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ludc web

Gabriela de Paula

Postdoctoral fellow

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High Cholesterol Diet Exacerbates Blood-Brain Barrier Disruption in LDLr-/- Mice : Impact on Cognitive Function

Author

  • Jade de Oliveira
  • Daiane F Engel
  • Gabriela C de Paula
  • Danúbia B Dos Santos
  • Jadna B Lopes
  • Marcelo Farina
  • Eduardo L G Moreira
  • Andreza F de Bem

Summary, in English

BACKGROUND: Evidence has revealed an association between familial hypercholesterolemia and cognitive impairment. In this regard, a connection between cognitive deficits and hippocampal blood-brain barrier (BBB) breakdown was found in low-density lipoprotein receptor knockout mice (LDLr-/-), a mouse model of familial hypercholesterolemia.

OBJECTIVE: Herein we investigated the impact of a hypercholesterolemic diet on cognition and BBB function in C57BL/6 wild-type and LDLr-/-mice.

METHODS: Animals were fed with normal or high cholesterol diets for 30 days. Thus, wild-type and LDLr-/-mice were submitted to memory paradigms. Additionally, BBB integrity was evaluated in the mice's prefrontal cortices and hippocampi.

RESULTS: A tenfold elevation in plasma cholesterol levels of LDLr-/-mice was observed after a hypercholesterolemic diet, while in wild-type mice, the hypercholesterolemic diet exposure increased plasma cholesterol levels only moderately and did not induce cognitive impairment. LDLr-/-mice presented memory impairment regardless of the diet. We observed BBB disruption as an increased permeability to sodium fluorescein in the prefrontal cortices and hippocampi and a decrease on hippocampal claudin-5 and occludin mRNA levels in both wild-type and LDLr-/-mice treated with a hypercholesterolemic diet. The LDLr-/-mice fed with a regular diet already presented BBB dysfunction. The BBB-increased leakage in the hippocampi of LDLr-/-mice was related to high microvessel content and intense astrogliosis, which did not occur in the control mice.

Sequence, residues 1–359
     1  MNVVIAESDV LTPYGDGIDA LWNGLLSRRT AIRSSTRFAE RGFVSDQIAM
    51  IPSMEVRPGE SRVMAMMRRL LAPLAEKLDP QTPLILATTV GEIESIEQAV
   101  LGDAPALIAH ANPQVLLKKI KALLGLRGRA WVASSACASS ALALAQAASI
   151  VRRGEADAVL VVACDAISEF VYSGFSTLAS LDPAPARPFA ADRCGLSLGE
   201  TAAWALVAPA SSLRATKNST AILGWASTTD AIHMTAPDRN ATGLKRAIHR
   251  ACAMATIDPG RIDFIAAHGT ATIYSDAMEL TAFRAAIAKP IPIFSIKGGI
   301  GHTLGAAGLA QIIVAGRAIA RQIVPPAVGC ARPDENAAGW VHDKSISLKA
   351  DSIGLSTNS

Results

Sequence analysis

CONCLUSION: Therefore, LDLr-/-mice seem to be more susceptible to cognitive impairments and BBB damage induced by exposure to a high cholesterol diet. Finally, BBB disruption appears to be a relevant event in hypercholesterolemia-induced brain alterations.

Publishing year

2020

Language

English

Pages

97-115

Publication/Series

Journal of Alzheimer's disease : JAD

Volume

78

Issue

1

Document type

Journal article

Publisher

IOS Press

Keywords

  • Animals
  • Blood-Brain Barrier
  • Cholesterol/metabolism
  • Cognition
  • Cognitive Dysfunction/metabolism
  • Diet
  • Disease Models, Animal
  • Gliosis/metabolism
  • Hippocampus/metabolism
  • Hypercholesterolemia/metabolism
  • Male
  • Memory
  • Memory Disorders/metabolism
  • Mice
  • Mice, Inbred C57BL
  • Mice, Knockout
  • Prefrontal Cortex/metabolism
  • Receptors, LDL

Status

Published

ISBN/ISSN/Other

  • ISSN: 1387-2877